By Dr Omar Janneh

On many platforms, Mr Ousainu Darboe was heard of making the point that President Adama Barrow should lead for five years because that is what the constitution says. Indeed that is what the constitution says, but I do not believe that the coalition partners were ignorant of the constitutional provision of five years during their discussions, but that after much discussion and thought, they chose to go for three years, presumably, for some good reasons. I suppose Mr Darboe made his position on the matter having considered the possibilities that a president is mortal, can be impeached and removed from office and may resign before his or her term ends. While Mr Barrow may believe that he has some choice in the third, that is to say, not to resign at end of the agreed term of thee years, I doubt if he has much choice in the first and second. But will the country and his coalition partners, some of whose support he may now lack because of sacking them, give him the chance to go on for five years instead of the agreed three?
Given Mr Darboe’s longstanding position on the issue that Mr Barrow should rule for five years, it seems doubtful to me if we would have been in the position we are in now – the “new” Gambia with a Barrow presidency and him as vice president – had Mr Darboe taken part in the discussions to form the coalition.

He may have insisted on the five-year term and no deal may have been struck, unless if the other partners were ready to budge. Thus Jammeh may still have been in power. And when Mr Darboe goes on to say that the electorate voted knowing that they were voting for the coalition presidential candidate to serve for five years, I think there is some sense that the truth is being massaged somewhat. As Mr Darboe was in prison at the time, he may not have known or realised that the coalition campaigned, up and down the country, to serve for three years and the people voted believing or knowing full well that the coalition government, if elected, would serve for three years, not five.

However, having got themselves so quickly drunk on power and thus unable to do anything of significance for the country for some 20 months, they (Mr Barrow and Mr Darboe) have changed their minds from three to five years. And please, let’s not buy into the idea that the coalition agreement that the coalition president should lead for three years was a gentlemen’s (informal) agreement and that they never meant it – what a lousy thing to say. Were they all deceiving the electorate and is politics therefore, tantamount to dishonesty? There is nothing gentlemanly in telling the electorate that you will rule for three years when you meant five, especially upon tasting honey and milk. Gentlemen mean their words. After 22 years of dictatorship, gross rights abuses and brutality, would it not be refreshing and wouldn’t the Barrow government leave a positive legacy if they did as agreed? Unfortunately as Mr Barrow is planning on not acting honestly to observe their so-called gentlemen’s agreement, I think for the sake of country, the coalition partners must unite and insist that he steps aside after the agreed three years.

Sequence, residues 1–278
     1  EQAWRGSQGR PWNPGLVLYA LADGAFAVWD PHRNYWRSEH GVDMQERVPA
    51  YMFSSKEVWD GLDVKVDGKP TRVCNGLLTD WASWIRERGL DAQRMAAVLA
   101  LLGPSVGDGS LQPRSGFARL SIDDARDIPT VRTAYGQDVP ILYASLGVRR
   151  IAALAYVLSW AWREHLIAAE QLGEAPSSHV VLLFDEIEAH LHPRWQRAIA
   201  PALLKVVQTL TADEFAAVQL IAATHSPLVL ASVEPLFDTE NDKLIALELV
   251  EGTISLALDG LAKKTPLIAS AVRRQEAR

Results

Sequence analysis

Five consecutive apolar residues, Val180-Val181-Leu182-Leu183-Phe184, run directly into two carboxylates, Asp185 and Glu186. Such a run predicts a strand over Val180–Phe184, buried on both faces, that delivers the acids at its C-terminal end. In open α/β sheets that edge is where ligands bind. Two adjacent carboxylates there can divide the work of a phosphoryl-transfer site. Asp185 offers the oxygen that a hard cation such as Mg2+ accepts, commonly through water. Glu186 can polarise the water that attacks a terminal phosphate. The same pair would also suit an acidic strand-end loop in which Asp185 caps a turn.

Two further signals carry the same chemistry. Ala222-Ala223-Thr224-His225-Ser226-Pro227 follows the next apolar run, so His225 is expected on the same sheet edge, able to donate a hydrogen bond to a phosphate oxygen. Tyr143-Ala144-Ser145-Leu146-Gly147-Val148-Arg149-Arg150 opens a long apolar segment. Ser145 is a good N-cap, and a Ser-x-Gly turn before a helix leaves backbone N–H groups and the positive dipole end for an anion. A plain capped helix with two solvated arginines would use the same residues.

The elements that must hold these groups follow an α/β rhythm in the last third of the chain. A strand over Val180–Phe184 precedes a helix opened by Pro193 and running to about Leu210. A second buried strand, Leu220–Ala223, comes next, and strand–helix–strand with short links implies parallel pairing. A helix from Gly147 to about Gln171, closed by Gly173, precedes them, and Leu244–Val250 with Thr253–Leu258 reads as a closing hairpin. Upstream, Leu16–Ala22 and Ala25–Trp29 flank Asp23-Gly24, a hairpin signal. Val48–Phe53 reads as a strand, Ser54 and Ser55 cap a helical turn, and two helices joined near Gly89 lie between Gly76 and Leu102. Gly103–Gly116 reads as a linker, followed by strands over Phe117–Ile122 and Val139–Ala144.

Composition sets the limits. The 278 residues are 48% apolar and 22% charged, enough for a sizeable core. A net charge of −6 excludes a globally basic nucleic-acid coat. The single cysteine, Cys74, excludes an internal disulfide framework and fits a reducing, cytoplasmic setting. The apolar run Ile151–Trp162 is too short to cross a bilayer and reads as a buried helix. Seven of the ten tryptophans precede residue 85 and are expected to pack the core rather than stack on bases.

With President Barrow at the centre of alleged corruption or bribery scandal, it seems that his presidency is continuing its journey towards the cliff edge. The administration’s spokesperson tried to deny the bribery scandal, but she muddied the waters even more and so the story won’t go away. Not knowing that a president must understand the need to serve all, not the few, and definitely not the National Assembly Members is the height of incompetence and cluelessness and a potential source for national humiliation. Furthermore, the infighting and indiscipline within the UDP, which seem to have escalated because of the recent meeting Mr Barrow held at State House while Mr Darboe was out of town, may (now) well have caused Mr Darboe to reconsider his position on whether Mr Barrow should stay for five years or step aside after three, as agreed with the coalition partners.

Having resigned from his party to contest the elections against Jammeh as a Coalition candidate, one wonder why Mr Barrow made the statement at State House that he is a UDP president. Is this not against the coalition agreement? When did he rejoin the UDP party and did he inform his coalition partners of his intention to rejoin UDP? I also wonder why he feels that it would be a betrayal for the UDP to put up a presidential candidate, while he is president, a UDP president. The upcoming UDP congress planned for December 2018 would be interesting to follow. If Mr Barrow dismissed some of his coalition partners (Mr Mai Ahmad Fatty, Mr Omar A Jallow, and Ms Fatoumatta CM Jallow-Tambajang) with the view to strengthening his position and deepen his grip on power, I think he may soon realise that he may have made his position rather difficult. This is because, if it came to a ballot, he would need the blessing of some of those sacked individuals to get his way, that is, stay as president for five years. Is he going to bribe them or anyone to support him? The argument against Mr Barrow, especially from some of the sacked coalition partners, may (now) be that Mr Barrow’s resignation from the UDP in order to be the flag bearer of the coalition disqualifies him from contesting as a presidential candidate under the UDP ticket in the next election.